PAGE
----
Here at Cfile, we believe that architecture is a staple in a balanced aesthetic diet. That’s why we’re serving up a fresh dish of our Architecture Digest. This is the place where you can snack on delicious imagery of our favorite recent architectural projects from around the globe. Enjoy!
Edinburgh, Scotland | 2019
Portuguese artists Joana Vasconcelos is not a ceramist but uses the medium often in her broad ranging practice, including this spectacular tiled swimming pool.
Gateway is an artwork integrated in a whimsical pool garden and is the result of a three-year collaboration between Jupiter Artland in Edinburgh and the artist. The nine-metre, fully functioning swimming pool is surrounded by a yew hedge that frames the whole composition. It is made of 11,366 hand-painted and glazed tiles crafted using traditional methods at a 100-year-old factory in Portugal.
Vasconcelos describes Gateway as, “a big splash that invites the public to immerse in a joyful and spirited dimension, leading to a connection with the energy of the Earth. It’s like a threshold to another universe that we’re not conscious of but through which we can flow.’
2. Big Red Tile in Hunan Province
Changsha, China | 2019
Colormatters explains symbolism of red,
Red is the color of extremes. It’s the color of passionate love, seduction, violence, danger, anger, and adventure. Our prehistoric ancestors saw red as the color of fire and blood – energy and primal life forces” Therefore a red building (even though the architect call it vermillion) is a monumental alpha Statement.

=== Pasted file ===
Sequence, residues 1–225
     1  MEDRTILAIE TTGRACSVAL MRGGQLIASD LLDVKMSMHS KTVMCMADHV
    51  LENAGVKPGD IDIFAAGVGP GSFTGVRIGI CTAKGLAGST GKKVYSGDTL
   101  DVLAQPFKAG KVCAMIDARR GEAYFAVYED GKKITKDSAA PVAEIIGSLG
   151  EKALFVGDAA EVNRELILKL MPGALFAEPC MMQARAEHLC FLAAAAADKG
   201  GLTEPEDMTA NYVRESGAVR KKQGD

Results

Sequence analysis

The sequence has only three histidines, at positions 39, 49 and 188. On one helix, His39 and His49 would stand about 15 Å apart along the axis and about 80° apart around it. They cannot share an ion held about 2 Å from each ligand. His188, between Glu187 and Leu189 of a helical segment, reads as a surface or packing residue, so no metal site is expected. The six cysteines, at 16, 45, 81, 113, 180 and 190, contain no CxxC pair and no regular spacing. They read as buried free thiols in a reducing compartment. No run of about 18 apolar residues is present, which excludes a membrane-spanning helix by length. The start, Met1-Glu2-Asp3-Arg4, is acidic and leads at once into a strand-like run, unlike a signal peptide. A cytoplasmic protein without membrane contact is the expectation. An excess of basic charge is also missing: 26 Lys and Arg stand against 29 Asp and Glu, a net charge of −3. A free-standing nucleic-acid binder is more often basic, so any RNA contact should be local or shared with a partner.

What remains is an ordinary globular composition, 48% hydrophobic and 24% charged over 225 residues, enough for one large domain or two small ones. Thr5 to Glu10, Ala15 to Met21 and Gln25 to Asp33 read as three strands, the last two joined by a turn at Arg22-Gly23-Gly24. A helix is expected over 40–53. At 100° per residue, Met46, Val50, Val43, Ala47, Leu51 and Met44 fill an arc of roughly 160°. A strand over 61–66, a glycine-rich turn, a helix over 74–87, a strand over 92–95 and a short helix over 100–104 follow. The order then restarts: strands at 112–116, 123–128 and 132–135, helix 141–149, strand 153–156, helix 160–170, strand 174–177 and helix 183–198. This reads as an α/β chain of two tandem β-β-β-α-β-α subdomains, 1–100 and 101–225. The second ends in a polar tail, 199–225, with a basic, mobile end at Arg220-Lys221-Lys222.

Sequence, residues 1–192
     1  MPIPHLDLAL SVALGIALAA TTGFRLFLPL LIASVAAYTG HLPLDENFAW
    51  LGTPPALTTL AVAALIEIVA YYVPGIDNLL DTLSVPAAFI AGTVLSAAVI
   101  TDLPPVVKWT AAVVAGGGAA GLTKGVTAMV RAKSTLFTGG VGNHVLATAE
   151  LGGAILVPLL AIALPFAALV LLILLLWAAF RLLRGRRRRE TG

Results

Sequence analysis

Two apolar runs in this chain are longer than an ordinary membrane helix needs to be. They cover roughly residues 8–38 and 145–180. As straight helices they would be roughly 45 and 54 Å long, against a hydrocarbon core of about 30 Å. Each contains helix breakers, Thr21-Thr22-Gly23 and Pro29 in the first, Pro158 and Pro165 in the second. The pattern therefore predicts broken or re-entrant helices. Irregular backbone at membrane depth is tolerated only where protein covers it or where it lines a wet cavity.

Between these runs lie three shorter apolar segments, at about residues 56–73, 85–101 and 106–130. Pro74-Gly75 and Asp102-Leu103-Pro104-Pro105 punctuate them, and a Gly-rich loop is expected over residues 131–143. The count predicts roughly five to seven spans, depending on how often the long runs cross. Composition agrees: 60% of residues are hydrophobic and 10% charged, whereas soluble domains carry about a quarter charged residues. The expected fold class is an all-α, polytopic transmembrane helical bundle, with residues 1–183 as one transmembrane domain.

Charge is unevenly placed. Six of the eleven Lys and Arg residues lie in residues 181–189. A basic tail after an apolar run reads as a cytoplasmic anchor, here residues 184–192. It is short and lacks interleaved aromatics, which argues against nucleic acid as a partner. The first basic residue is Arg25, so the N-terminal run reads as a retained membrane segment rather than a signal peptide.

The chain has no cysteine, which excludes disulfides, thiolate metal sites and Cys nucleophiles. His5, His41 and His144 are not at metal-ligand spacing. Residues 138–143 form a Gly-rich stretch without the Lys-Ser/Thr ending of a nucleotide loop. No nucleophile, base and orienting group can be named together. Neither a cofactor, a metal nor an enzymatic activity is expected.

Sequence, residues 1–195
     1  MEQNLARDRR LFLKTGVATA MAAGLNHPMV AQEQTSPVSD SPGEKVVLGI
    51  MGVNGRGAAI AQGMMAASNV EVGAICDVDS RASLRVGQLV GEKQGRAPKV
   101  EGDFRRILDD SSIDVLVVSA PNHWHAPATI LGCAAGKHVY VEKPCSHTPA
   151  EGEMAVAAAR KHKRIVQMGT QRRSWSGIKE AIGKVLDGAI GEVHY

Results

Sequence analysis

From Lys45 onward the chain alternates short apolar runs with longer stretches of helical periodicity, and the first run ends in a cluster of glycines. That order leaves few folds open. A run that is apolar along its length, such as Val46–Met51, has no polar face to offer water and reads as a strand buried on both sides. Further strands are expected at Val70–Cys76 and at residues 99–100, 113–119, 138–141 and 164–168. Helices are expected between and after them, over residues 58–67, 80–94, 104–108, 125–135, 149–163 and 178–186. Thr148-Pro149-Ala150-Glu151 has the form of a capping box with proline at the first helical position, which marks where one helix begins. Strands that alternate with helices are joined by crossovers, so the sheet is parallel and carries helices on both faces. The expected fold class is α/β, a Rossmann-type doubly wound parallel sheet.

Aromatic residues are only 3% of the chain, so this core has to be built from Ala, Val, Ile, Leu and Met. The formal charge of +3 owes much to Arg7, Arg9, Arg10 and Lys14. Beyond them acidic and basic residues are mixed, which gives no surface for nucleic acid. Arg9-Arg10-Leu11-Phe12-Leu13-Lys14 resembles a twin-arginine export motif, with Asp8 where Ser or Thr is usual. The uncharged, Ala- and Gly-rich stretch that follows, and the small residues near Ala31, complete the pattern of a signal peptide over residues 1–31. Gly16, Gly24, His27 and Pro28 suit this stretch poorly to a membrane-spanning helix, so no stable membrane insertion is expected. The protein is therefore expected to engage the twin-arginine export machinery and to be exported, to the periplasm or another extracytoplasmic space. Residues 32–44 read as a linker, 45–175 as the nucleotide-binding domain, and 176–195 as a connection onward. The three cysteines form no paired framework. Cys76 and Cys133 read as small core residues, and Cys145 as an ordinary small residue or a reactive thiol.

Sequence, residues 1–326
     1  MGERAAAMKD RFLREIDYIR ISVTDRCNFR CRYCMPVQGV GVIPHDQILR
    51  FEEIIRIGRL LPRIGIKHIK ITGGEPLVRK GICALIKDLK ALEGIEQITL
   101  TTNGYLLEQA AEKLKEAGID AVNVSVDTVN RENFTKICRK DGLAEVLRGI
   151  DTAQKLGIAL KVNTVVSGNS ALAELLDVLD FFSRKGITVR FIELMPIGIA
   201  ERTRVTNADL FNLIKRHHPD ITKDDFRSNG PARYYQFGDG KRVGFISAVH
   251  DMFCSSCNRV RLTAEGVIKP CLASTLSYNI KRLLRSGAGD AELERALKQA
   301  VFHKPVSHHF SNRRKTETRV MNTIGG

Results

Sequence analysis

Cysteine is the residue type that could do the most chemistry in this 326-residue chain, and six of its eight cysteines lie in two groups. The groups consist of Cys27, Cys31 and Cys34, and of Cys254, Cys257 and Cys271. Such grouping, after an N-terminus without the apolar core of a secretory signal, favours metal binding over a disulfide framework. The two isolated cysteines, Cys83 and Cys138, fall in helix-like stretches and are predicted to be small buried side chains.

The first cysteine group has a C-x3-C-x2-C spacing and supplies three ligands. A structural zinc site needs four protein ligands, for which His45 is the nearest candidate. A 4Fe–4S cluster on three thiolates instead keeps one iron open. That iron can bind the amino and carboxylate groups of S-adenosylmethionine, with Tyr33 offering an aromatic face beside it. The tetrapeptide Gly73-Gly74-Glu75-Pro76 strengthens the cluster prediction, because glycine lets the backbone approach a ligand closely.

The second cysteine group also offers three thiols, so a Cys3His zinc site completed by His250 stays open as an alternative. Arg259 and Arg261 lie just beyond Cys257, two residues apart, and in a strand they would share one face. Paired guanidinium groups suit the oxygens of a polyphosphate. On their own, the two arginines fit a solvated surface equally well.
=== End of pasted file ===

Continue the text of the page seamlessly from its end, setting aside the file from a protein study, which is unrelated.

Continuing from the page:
This building is a cultural complex, the Hunan Museum of Art in China. What interests us is the facade. The lower portion is made of large red glazed terracotta panels that play with light throughout the day. The tower is clad in white glazed terracotta panels cut into irregular polygons of varying sizes. Looking from a distance it is meant to look like vertically folded calligraphy. Close by it appears to be shattered ceramics. The fusion of the two ceramic elements is a powerful but complimentary study in contrasts.
The project is located on the west bank of Xiangjiang River in Changsha, Hunan Province, adjacent to Central South University. The project plans a number of public art facilities along the Xiangjiang River, which becomes a public space with a unique cultural ambience in Changsha. The complex consists of two separate functions, namely, the Hunan Art Museum and the House of Literature and Art. The museum provides exhibition space for art works; whereas the House of Literature and Art mainly serves as a theater, and conducts artistic communication. The project was recently opened to the public.